4 Comments

  1. Anonymous

    I made the mistake, after discovering that the son of close family friends had molested my daughter while he thought she was sleeping, of going to the leadership in my home fellowship (large enough to be considered a small church) for help. BIG mistake. They, along with the young man’s parents, put a tremendous amount of pressure on me not to report, including trying to dissuade me from getting my daughter professional help as licensed counselors are mandated reporters.

    A man I respected a great deal as a Bible teacher quoted the passage where Jesus says to settle with your adversary outside of court as Jesus’ command for me not to involve the authorities. When I quoted the Romans passage to him he stated that we had to submit to the Kingdom first.

    He also compared my situation to someone having to report someone as homosexual in Iran even though it would result in the person’s execution. I no longer respect or consider this man a friend.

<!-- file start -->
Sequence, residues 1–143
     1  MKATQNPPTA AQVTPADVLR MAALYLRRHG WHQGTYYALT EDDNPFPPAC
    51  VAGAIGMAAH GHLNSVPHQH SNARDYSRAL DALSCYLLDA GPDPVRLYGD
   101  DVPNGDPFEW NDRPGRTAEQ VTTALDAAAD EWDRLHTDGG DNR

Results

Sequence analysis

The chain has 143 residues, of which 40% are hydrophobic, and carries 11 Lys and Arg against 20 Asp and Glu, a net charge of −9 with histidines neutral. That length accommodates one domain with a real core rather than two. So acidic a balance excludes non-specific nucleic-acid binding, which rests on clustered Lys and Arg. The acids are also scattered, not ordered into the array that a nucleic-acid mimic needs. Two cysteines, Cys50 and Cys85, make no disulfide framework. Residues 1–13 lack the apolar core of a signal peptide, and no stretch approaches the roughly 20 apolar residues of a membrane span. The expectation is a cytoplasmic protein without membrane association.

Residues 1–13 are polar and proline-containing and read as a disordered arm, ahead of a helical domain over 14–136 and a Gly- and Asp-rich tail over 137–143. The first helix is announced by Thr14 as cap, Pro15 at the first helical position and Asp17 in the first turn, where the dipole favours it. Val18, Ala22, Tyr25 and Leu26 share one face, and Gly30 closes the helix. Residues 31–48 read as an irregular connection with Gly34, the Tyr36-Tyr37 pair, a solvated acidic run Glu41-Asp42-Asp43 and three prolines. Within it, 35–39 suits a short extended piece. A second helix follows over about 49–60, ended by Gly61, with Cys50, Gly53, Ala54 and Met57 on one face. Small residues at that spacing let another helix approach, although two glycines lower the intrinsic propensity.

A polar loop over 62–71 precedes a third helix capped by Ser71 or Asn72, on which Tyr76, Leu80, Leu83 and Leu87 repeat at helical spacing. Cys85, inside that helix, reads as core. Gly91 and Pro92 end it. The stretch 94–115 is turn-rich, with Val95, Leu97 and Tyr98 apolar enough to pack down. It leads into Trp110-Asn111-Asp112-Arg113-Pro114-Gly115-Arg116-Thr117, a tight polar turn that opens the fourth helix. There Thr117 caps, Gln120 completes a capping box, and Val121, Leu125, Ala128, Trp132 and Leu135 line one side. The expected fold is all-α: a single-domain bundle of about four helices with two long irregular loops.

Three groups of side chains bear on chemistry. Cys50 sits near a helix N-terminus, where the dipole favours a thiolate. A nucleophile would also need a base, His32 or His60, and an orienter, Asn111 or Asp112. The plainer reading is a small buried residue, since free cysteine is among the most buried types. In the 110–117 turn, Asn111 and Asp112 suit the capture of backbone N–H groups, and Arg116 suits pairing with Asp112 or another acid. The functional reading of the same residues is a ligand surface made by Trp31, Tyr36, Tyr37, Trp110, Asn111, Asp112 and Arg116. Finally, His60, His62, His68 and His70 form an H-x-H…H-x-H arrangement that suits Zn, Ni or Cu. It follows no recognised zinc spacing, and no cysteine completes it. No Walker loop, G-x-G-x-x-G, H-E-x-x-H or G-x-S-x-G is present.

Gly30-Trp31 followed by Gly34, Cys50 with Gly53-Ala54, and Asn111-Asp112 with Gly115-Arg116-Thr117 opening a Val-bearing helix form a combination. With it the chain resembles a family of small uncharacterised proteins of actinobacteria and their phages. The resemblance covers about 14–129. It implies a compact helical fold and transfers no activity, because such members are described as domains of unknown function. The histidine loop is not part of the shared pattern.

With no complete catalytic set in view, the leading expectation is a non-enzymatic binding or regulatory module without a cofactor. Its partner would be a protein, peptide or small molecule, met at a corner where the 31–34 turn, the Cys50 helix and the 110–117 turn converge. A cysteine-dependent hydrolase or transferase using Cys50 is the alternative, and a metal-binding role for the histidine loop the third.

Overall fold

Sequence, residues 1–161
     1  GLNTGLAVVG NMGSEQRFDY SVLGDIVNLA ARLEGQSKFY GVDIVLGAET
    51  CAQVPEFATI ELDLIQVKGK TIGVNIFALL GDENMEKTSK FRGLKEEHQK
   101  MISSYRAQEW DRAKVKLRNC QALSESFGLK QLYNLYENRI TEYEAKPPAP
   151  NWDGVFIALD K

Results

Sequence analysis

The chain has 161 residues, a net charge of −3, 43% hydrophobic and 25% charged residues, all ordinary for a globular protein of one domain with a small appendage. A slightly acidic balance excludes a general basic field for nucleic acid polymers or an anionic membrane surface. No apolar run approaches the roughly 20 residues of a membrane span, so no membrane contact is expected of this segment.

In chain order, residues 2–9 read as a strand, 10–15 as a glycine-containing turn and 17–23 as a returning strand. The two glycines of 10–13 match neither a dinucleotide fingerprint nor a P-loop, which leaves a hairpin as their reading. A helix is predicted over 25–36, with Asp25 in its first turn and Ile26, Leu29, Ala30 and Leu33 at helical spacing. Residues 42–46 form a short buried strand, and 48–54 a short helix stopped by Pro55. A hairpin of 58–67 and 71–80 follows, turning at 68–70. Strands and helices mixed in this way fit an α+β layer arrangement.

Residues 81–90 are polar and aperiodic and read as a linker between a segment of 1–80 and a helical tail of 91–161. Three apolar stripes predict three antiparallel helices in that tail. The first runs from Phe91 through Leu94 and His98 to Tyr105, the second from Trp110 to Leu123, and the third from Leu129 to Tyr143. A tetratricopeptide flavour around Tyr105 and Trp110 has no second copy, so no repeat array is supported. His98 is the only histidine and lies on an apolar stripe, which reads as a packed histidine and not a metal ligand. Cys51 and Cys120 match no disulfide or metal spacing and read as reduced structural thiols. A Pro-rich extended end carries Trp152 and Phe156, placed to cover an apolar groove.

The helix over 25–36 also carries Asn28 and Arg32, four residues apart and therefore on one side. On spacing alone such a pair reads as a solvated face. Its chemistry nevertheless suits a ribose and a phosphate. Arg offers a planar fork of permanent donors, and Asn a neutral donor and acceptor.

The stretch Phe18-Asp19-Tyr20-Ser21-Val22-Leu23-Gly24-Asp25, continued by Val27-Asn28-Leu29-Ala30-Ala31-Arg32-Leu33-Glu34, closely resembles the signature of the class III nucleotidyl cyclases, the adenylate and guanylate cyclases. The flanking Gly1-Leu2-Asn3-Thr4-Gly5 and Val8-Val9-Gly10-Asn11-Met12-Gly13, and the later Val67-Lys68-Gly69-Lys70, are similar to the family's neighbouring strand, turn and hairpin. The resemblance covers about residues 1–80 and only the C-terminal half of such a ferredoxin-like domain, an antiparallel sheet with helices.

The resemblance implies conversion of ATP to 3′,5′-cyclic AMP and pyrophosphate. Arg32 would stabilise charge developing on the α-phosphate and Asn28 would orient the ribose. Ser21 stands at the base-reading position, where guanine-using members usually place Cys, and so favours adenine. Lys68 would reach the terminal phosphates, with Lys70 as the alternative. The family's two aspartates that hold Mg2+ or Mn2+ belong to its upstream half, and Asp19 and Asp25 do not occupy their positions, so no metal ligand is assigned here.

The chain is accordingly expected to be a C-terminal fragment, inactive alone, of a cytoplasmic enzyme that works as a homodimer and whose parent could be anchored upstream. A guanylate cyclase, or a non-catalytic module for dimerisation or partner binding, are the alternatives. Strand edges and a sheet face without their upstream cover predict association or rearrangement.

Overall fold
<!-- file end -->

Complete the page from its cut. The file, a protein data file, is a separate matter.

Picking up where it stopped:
We have been ostracized by a significant number of our home fellowship. Not all, I’m glad to say. But the words and lack of care of my former friends has been almost as painful as the discovery of what happened to my daughter. These are the same people I saw for years interceding for justice for people trapped in sex trafficking and who constantly speak of the church as family. I’ve concluded that justice is popular until it lands in your house. It costs nothing to advocate for people thousands of miles away.

    Their silence is deafening. There are people who are aware of this situation and have not spoken to me in six months. Now, I’m also starting to hear that some of them are saying my daughter was at fault for the way she dresses. I’m disgusted and furious. FYI I’ve been active in the church and ministry for decades.

    (Eds. note: some details edited to protect the commenters identity.)

    • twbtc

      Hi Anonymous,

      Welcome to the blog!